For now I will put aside the question of how to make role-playing a mystery fun (these often turn into a boring series of dice checks that can dead-end the fun with one bad roll).
Many of my examples are criminal mysteries, because these are actually easier. The type of intellectual mysteries you mention are much harder, but I'll address those last.
No mystery here!
Mysteries are not terribly mysterious once you know all the facts. Something pretty straightforward happened. Someone tried to cover it up. As a mystery designer, start with the crime or whatever is secret, and then work backward.
Means, motive, and opportunity
These three things are the staple of detective stories and police procedurals. Means: did the subject have the ability to commit the crime. Motive: did the subject have a reason to commit the crime. Opportunity: did the subject have the chance to commit the crime.
As a mystery designer, address all three of these. Why was the crime committed? When? Under what circumstances? How did it go down?
The timelines of a victim and the person who preys on the victim are linked in at least two places in almost all cases. One provides motive and the other provides opportunity. Somewhere between those two, there's an event that provides means (for example, a murderer buying a gun), though it might not be a deliberate action. More links in the timeline offer more opportunities for PCs to figure things out; don't be stingy here.
Start putting together timelines but work backward, away from the central point of the mystery (usually the crime itself). If you have a murder, work backward in time from the murder. How did the murderer and victim end up in the same place? Was it an intentional set up? When did the murderer meet the victim? What happened?
Then work forward in time from the mystery. How was it covered up? What happened after that? Who stumbled upon it?
Everyone makes mistakes.
Well, everyone in your stories. Mistakes provide clues. Clues provide opportunities for PCs to solve a mystery. Work through your timeline and introduce subtle mistakes: aberrant behavior, missed appointments, entries in journals that no one was supposed to read, witnesses. You can also introduce not-so-subtle mistakes and "acts of God." A storm washes away the dirt over a makeshift grave. A worker stumbles upon a hidden brick wall. Stuff happens, and this gives the PCs a useful clue.
If you want to produce mysteries of a non-criminal nature, these rules should still work surprisingly well. There's still a secret that someone went to a lot of trouble to guard. Let's say it's a treasure. Apply the guidelines.
No mystery here. Once layed out, the mystery isn't very mysterious. Let's say that a woman hid a very large treasure before she died, but left a trail of strange clues leading to it. Why would she do such a thing? Well...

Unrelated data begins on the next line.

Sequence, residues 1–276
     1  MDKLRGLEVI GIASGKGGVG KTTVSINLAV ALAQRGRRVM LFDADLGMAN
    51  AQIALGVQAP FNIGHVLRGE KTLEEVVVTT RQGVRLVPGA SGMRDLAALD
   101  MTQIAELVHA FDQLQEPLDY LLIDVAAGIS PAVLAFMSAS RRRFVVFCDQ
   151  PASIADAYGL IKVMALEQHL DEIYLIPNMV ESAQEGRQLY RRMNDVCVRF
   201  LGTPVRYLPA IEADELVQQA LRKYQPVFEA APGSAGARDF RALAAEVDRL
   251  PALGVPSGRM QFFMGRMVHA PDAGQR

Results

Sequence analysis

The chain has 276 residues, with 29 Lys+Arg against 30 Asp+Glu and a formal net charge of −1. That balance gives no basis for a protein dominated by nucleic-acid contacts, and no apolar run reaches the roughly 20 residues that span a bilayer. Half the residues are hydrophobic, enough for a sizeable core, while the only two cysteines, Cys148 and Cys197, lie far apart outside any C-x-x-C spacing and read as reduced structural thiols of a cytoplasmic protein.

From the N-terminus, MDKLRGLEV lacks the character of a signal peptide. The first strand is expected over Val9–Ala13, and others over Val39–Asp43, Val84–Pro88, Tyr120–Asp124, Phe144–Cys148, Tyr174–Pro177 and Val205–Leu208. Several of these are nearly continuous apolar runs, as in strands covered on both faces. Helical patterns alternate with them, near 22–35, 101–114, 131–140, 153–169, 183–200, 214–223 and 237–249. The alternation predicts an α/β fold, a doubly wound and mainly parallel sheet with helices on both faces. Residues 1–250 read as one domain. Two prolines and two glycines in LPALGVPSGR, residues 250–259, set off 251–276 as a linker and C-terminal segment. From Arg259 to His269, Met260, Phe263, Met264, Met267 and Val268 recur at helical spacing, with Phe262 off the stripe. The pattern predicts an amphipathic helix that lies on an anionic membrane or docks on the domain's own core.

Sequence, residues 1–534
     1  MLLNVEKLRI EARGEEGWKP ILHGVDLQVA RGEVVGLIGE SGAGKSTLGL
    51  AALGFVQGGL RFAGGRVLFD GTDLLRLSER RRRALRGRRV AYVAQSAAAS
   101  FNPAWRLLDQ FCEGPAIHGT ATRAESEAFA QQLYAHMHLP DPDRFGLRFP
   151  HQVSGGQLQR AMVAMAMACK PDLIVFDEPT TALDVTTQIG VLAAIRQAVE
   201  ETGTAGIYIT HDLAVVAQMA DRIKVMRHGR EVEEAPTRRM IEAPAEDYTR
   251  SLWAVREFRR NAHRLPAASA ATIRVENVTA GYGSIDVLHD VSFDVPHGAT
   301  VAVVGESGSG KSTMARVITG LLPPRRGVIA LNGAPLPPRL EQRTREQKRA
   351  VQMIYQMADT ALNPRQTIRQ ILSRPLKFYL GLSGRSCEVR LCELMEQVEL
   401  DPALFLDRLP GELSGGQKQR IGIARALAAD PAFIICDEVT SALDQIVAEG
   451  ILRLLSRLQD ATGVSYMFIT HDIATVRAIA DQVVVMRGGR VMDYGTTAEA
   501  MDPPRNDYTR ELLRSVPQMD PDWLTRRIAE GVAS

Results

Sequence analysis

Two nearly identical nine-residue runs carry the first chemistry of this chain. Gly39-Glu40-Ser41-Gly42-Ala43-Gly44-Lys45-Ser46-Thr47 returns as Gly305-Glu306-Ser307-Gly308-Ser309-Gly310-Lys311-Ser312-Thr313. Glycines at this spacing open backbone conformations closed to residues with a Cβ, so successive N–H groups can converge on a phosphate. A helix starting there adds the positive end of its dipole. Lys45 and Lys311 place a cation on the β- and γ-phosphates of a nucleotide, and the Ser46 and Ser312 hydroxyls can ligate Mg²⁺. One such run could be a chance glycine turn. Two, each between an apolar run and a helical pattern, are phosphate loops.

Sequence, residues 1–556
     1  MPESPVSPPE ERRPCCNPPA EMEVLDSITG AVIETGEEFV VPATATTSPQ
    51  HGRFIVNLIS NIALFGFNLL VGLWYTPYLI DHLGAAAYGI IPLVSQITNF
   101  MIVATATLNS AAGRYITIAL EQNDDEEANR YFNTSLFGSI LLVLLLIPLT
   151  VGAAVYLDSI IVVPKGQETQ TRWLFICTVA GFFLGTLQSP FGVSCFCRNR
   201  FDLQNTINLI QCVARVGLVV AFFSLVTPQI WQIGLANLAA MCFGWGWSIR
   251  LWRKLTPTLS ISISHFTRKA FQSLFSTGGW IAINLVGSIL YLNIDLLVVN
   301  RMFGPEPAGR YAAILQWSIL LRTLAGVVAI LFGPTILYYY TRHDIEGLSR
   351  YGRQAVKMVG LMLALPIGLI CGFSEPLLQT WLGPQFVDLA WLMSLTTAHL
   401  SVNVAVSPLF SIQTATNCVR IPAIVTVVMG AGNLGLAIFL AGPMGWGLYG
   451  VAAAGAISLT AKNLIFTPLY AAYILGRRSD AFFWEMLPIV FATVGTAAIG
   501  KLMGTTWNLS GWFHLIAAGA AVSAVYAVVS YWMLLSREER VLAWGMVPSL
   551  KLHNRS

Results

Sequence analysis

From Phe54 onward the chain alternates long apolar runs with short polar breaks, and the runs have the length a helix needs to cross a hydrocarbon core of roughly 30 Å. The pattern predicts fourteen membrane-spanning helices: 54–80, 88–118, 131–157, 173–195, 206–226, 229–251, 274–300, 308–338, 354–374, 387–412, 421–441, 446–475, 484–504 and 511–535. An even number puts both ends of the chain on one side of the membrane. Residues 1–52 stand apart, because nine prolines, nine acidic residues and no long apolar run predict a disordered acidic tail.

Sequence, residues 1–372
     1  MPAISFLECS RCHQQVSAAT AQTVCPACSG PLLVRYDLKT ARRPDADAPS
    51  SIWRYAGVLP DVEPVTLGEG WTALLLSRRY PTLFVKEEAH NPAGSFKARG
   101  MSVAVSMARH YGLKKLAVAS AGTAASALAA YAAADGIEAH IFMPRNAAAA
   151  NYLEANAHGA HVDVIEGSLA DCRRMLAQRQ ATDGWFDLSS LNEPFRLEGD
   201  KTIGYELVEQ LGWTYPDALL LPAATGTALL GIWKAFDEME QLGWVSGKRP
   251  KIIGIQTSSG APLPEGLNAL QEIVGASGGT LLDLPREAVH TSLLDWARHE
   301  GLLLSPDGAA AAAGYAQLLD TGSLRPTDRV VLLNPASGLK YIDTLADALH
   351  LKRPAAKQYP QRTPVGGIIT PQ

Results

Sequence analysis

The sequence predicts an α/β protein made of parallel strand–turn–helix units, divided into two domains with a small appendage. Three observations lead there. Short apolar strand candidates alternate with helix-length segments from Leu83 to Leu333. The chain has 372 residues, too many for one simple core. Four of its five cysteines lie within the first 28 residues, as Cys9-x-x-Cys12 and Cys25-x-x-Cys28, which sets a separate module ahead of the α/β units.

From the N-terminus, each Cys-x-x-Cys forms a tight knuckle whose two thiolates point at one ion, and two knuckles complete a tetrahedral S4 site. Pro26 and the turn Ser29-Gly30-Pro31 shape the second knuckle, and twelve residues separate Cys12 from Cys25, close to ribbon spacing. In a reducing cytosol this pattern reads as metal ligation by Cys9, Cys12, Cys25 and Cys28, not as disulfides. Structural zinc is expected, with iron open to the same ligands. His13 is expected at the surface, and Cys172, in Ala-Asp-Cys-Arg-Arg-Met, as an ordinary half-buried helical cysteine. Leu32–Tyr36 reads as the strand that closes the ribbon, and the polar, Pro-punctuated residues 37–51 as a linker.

Motive: She wanted to leave the treasure to her daughter but couldn't tell her about it in time. She was dying and her daughter was on a camping trip in some remote part of the world. If she left a note, someone else would surely get it. In fact, her body is nearby the treasure. She also didn't want her archenemy to get the treasure.
Means: She was a mathematician and lover of puzzles. She had the ability to create a difficult set of mysteries leading to the treasure and hoped that her own daughter would remember the lessons she was taught.
Opportunity: The dead mathematician can be established to have found the treasure -- maybe she was seen carting it off somewhere before treasure hunters shot her.
Timelines: Create a timeline from her death backward to finding the treasure and even seeking the treasure. Somewhere in there, she gets shot, providing her with motive to hide it. Work forward from her death to the discovery of her death by her daughter (who could be a PC or a patron who hires the PCs or just a character in the papers who provides impetus for the PCs to go treasure hunting). Include in the timeline bits and pieces of the woman's puzzles (see below).
Mistakes: Work through the timeline. There's two mysteries here! One is a murder, the other a treasure hunt. Complicate the timeline with mistakes and acts of God. Life is messy. People saw stuff. Hikers discover a woman's body and she has the first clue in her pocket, in a journal. The clues will lead the PCs through the timeline and perhaps across the world in search of each next clue.
You could actually create these mathematical puzzles and ciphers and stuff. If your players enjoy solving these things, go for it! If they don't enjoy them, however, be prepared to just hand-wave it. It's okay to say, "You solved the cipher and it leads you to a library in a far northern village. You're supposed to look for a stained glass window." Abstract this stuff to some narration and maybe dice rolling when it stops being interesting to the players. Keep the action moving.
Research does help
Of course, a little research about real world mysteries can make your in-game mysteries seem more... well, mysterious! Maybe the players aren't going to actually solve any ciphers, but it won't hurt to tell them that it's a Vigenère cipher and mention briefly how it works. Or make a quick hand-out for the player who rolls to solve that clue, and let them explain to everyone (in character!) how it works and what it says.
Hopefully, with these suggestions, you are on your way to creating exciting mysteries. Nothing here supplants the requirement to be creative and devious. That's on you. But maybe this gives you some structure and constraint to spur on your wildest imagination!